This session was pretty much all combat, with a little roleplaying at the end. But the group came out alive, thanks to some lucky rolls on their part, clever roleplaying, and some absolutely horrid rolls on behalf of the Locust (which really was just dumb luck, all part of the game).

So, when we’d last left the group, they’d made their way through the woods to a downed King Raven chopper in a gully and found themselves ambushed. When this session opened, we picked up right where we’d left off, with the group making reflex rolls for turn order and caught right out in the open.

Their ambusher, a Locust drone, rolled a perfect 1, and thus got to go first, which made things all the more panic-striken for the group.

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Being a Better Writer: Holidays

Hey there readers! Quick note before I let you go on: Don’t forget that we’re currently undergoing a Topic Call for Topic List 11! That’s right, Being a Better Writer‘s topics of choice don’t just spring from my head, but from yours as well! Got a writing topic you want to hear about (or hear more on)? Then hit the link and let me know, and I’ll add it to the list! Do it now while it’s still open!

Right! Got that out of your system? Ready to move ahead? Then let’s go! No sense beating around the bush today; we’re diving right in!

So, Holidays! What on Earth am I talking about when it comes to Holidays?

No, I’m not talking about the practice of going on holiday yourself (to use the British term for it), though we have touched on it before (take a break every so often, readers, and keep moderation in all things!). No, I want to talk about holidays in your story.

This is an obscure bit of world-building that doesn’t come up that often, but I want to bring it up for that reason exactly. So let me start with a question: When was the last time you read a book, story, whatever that talked about a holiday that the characters and cast celebrated or revered. Can you think of one?

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Being a Better Writer: Topic Call!

It’s time! And I’ve decided to move this regularly random call to Monday, home of Being a Better Writer rather than some random day during the week, both to give it more exposure … and because I’ll be seeing a specialist today for my knee injury (here’s hoping it’s good news, not bad, because I really don’t want to be paying for knee surgeries for the rest of my life).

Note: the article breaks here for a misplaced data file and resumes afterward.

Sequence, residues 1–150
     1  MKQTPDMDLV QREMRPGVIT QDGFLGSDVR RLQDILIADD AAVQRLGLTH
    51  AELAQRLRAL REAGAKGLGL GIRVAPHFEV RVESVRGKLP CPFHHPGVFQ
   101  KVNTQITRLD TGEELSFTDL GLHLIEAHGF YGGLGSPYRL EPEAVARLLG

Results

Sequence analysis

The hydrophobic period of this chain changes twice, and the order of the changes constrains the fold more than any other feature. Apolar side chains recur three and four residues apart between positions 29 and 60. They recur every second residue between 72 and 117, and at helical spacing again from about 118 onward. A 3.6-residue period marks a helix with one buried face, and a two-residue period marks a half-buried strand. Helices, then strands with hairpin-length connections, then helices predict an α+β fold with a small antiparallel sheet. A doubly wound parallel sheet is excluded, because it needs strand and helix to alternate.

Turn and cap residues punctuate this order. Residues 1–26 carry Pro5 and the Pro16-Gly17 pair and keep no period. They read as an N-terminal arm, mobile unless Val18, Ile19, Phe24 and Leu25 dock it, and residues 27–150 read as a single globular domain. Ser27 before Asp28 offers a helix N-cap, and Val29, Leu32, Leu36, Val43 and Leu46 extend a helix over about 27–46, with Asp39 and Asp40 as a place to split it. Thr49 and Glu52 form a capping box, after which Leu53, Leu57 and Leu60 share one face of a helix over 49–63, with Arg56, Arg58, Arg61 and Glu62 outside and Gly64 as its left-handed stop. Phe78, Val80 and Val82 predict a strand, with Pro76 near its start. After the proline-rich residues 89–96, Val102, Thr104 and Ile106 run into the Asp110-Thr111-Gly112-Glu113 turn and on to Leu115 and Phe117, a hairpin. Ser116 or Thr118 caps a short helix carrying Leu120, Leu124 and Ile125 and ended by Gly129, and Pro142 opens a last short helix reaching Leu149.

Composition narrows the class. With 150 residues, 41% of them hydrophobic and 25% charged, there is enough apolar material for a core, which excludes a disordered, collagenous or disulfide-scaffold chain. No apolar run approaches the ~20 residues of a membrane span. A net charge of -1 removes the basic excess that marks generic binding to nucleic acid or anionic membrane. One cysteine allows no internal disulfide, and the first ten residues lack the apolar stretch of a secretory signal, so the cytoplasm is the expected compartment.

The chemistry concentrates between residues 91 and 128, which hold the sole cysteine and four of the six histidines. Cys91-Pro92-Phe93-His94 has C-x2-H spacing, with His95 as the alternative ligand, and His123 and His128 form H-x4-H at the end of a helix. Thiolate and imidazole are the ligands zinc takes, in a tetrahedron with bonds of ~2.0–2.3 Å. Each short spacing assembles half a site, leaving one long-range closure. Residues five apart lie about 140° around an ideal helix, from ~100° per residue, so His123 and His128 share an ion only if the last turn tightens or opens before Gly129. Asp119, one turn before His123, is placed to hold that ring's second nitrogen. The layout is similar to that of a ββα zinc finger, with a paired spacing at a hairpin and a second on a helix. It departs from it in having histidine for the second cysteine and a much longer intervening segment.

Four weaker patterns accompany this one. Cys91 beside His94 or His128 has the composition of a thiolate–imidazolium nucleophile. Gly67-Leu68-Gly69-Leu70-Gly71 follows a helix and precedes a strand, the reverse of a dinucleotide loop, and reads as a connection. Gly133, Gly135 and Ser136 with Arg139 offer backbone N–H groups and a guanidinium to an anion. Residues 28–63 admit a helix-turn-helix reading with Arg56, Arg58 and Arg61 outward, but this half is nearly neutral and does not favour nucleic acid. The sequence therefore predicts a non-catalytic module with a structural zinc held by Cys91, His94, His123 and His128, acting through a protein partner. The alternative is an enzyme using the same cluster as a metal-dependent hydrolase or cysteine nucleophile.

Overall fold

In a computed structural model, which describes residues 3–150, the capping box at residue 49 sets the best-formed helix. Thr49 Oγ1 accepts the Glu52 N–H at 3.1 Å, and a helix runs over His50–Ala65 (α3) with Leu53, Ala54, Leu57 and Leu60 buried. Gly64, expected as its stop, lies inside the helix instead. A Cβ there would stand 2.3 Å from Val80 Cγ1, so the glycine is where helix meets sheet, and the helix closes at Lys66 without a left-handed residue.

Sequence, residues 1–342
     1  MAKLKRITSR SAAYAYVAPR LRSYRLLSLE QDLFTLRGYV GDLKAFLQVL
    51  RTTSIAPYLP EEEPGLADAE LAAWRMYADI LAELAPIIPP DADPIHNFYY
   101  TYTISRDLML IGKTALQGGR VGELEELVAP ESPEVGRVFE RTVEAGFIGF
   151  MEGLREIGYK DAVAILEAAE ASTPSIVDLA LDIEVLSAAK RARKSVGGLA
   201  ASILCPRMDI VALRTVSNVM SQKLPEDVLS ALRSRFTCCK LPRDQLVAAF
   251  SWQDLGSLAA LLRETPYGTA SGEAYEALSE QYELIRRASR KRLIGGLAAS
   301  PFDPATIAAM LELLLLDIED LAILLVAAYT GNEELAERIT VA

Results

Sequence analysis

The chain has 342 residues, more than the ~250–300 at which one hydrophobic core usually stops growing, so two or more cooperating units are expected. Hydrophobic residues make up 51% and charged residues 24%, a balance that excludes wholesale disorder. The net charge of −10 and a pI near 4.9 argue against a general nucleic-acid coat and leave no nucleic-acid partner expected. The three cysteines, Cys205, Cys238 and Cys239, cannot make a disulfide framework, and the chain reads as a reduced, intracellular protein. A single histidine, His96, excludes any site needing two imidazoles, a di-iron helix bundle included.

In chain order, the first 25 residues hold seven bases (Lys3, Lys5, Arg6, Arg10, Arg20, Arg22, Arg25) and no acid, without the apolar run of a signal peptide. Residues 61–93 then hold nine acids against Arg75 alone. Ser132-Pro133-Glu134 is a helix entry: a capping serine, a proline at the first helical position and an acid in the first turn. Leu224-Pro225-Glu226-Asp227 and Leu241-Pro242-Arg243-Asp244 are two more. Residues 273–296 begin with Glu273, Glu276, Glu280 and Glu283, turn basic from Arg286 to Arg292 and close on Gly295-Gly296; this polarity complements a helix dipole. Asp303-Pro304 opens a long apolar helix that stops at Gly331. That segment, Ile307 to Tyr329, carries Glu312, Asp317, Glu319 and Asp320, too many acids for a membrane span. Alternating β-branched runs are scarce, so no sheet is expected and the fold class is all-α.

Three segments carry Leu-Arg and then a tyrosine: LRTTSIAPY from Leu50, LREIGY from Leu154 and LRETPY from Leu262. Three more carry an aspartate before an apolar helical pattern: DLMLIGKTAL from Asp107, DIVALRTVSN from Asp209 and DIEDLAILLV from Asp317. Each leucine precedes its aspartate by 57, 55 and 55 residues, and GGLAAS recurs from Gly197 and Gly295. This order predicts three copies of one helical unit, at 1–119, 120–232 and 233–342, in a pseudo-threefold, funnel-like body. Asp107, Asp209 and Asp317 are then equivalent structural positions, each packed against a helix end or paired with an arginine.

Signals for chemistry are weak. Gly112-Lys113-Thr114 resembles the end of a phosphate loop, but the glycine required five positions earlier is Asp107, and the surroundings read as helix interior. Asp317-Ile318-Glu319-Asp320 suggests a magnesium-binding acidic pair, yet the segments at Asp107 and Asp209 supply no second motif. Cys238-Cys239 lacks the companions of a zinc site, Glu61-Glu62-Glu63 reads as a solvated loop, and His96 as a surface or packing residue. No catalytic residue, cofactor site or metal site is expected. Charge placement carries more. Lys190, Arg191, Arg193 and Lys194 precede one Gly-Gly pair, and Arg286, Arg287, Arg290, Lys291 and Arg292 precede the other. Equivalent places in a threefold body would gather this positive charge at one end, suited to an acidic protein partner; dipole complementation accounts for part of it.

So Being a Better Writer‘s normal feature (one of the last two topics on Topic List Ten) will be up tomorrow, but today?

What do you want to see future BaBW articles discuss? That’s the whole point of this post! If there’s something (or rather, a list of somethings) in the writing world you want to see discussed—that, remember, have to do with improving one’s writing—let’s hear it! I’m building Topic List 11, and it’s time to get your requests on that list!

Comment away! I’ve got a knee to go look at.


UPDATE: And I’m getting a knee surgery. Wheeee.

Op-Ed: The Fall(out) of Barnes & Noble

This is a post I’ve wanted to write for a while now, but basically been bouncing back and forth on exactly how since while I have some insight on the subject … I really don’t have a lot compared to some others. Put plain and simply I don’t deal with Barnes & Noble. At least, not as an author. Very rarely, as a customer, but that frequency has dropped from a couple of book-buying visits a year to a visit every couple of years, and even then it’s rare that I walk out with something.

Which doesn’t paint a rosy picture of their business in the first place, if my and my friends experiences are anything to go by (or B&N’s own reports). But as an author, I don’t deal with B&N at all. Most notably because I’m indie, and B&N has never really had much to offer authors in that regard.

Oh sure, you could sell on their Nook service for a small royalty. But the Nook has always been such a niche market that it never really seemed worth it. Now that B&N has cut the Nook, that seems like a smart proposition (especially considering I heard nothing but mixed messages from it when it was around).

Right, I feel like I’m either getting ahead of myself or slightly off-topic. Only slightly, as B&N’s treatment of the Nook does seem to illustrate how we get to today. But let’s wrap that back in. Effectively, what I’m saying is that while I’m curious and intrigued about what the fallout of, well, we’ll talk about that in a moment, but let’s just call it “it” for now, is going to be … I’m on a side of the publishing industry that doesn’t rub up against B&N too much, so a lot of what I think could happen is mostly speculation—light speculation—about the shockwaves rolling through a side I don’t really know. I know there’s going to be a lot of fallout, just as one knows when a nation topples that the status quo has just been upset … but in the spirit of that analogy I’m on the other side of the continent, or maybe even across an ocean. All I know is that when someplace like Rome falls, everyone feels it.

That clear as mud? Okay? Well, then let’s talk about “it.” The big deal. I’ve talked about it before on here, but only in passing. To put it simply, however …

Barnes & Noble is going under.